• My spouse sleeps in a lot, late in the day.
  • I crave salty foods.
  • I sometimes eat to deal with boredom, discomfort or to relax.
  • My sibling gets sick a lot.
  • I procrastinate and miss deadlines, or I overwork.
  • My parent is having trouble coping with things.
  • I can lash out at times.
  • I have skin color changes, such as pigmentation or color loss.
  • My friend feels overwhelmed with work and family responsibilities.
  • I have excess abdominal fat.
  • I have strange little calcium deposits, such as in the ear lobe.
  • My roommate seems to drink alcohol more than usual.
  • I don’t feel fulfilled.
  • I have stomach or digestive problems, abdominal pain, or nausea.
  • My dad complains of GI disturbances, constipation or diarrhea.
  • I feel tired but wired or spend hours scrolling social media.
  • My blood pressure, metabolism or body temperature is low.
  • I am never in ‘the mood’, my libido is totally absent.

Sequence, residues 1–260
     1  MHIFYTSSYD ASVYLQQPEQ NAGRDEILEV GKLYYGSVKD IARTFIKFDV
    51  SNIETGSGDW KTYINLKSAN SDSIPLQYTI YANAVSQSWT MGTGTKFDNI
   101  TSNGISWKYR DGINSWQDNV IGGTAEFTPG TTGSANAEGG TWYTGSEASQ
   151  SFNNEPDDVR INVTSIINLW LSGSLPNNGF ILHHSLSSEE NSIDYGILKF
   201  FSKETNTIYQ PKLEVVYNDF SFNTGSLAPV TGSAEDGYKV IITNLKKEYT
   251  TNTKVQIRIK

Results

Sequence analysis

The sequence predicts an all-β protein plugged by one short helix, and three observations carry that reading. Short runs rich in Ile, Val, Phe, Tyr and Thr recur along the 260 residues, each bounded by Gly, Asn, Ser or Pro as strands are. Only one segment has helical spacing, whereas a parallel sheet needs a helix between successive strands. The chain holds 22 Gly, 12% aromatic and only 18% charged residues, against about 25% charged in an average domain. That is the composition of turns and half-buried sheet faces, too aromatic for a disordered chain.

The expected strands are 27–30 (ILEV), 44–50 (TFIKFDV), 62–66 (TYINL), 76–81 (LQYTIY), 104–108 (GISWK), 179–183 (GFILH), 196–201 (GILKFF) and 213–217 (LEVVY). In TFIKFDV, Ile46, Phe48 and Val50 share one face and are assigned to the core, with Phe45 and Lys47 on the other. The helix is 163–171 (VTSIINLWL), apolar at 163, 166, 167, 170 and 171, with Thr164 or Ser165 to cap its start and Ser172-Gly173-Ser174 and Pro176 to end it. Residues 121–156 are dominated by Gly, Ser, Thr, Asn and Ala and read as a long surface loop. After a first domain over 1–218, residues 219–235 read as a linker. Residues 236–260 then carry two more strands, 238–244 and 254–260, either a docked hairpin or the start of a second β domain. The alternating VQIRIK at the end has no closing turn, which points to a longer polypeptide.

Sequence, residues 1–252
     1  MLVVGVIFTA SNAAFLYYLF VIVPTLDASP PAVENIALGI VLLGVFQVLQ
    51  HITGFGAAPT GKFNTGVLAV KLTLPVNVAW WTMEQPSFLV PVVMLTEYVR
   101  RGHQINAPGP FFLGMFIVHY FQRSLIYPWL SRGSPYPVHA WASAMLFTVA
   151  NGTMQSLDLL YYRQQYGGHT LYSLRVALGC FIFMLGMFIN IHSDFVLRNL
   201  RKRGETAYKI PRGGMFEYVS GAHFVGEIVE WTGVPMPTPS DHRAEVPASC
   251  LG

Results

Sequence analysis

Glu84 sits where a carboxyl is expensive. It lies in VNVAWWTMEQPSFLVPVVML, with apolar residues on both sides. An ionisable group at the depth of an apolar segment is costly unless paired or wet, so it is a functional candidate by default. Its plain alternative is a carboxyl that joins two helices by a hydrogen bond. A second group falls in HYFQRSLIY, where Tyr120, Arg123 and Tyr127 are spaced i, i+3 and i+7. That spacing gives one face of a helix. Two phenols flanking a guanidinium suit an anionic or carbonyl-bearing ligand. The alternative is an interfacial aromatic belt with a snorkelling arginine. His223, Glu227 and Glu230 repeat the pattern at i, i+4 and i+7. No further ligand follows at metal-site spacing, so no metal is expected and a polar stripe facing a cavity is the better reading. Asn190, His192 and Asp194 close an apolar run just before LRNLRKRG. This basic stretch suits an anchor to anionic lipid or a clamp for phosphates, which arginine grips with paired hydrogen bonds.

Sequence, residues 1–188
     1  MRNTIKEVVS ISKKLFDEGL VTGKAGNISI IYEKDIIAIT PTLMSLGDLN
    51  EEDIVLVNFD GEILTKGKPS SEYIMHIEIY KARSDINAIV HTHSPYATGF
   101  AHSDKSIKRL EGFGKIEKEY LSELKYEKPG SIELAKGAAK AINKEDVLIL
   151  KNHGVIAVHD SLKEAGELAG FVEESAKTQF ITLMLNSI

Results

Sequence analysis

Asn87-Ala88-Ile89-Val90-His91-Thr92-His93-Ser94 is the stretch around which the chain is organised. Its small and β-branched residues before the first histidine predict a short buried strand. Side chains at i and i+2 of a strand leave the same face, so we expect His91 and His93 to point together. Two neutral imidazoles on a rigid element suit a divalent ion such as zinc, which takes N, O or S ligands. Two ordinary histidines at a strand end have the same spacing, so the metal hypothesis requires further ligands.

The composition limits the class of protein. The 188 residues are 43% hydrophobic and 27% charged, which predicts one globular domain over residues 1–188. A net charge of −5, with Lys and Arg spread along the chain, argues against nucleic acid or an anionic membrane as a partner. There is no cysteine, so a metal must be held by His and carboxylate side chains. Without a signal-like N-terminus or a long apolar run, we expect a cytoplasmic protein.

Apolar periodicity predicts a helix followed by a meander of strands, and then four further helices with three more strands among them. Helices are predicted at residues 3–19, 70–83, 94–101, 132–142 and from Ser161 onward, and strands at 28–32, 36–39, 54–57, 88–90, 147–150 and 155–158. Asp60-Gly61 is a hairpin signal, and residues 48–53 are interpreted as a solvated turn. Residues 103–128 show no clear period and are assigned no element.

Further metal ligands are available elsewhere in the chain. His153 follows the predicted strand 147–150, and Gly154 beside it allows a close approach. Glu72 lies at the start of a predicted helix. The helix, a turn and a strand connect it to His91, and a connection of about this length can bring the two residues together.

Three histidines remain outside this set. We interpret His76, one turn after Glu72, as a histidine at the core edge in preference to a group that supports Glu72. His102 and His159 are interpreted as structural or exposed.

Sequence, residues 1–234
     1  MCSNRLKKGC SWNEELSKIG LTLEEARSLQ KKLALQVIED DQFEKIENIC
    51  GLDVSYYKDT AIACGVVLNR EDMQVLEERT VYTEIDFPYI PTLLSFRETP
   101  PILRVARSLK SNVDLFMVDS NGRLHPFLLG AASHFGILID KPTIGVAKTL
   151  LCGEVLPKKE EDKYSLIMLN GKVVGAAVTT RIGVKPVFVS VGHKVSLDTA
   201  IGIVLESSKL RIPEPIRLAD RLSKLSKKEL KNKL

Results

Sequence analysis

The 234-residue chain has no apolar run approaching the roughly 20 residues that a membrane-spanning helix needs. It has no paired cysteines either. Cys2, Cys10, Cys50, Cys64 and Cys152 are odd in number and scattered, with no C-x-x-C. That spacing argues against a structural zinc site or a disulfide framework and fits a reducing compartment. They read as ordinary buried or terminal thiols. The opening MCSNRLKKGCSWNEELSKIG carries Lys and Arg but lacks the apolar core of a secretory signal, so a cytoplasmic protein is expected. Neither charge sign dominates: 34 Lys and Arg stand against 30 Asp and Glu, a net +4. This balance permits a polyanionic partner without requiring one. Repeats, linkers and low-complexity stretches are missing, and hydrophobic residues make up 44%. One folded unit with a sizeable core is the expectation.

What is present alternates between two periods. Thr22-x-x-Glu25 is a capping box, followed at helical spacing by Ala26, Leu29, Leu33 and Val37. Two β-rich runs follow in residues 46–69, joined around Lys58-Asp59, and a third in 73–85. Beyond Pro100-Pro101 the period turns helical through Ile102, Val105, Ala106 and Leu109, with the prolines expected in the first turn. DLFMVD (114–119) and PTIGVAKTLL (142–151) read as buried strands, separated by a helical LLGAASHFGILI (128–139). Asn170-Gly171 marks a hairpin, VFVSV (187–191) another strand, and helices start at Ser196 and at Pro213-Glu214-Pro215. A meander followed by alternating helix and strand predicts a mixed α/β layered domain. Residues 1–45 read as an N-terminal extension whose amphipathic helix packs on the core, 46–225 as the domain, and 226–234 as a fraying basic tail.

The more symptoms are present, the further your mental health or that of your loved ones is likely in the danger zone. If you notice many symptoms, talk to someone. If there are serious problems, such as panic attacks, feeling numb, or using alcohol to cope, seek out professional support.

Some of the symptoms above are linked to higher circulating levels of stress hormones, like cortisol. Cortisol helps us to wake up and respond to danger, which is great, but it should not stay elevated all the time, as that can put us at risk of impaired cognitive function, depression, and anxiety. It is linked to irritability and fatigue, affecting our sleep and our energy.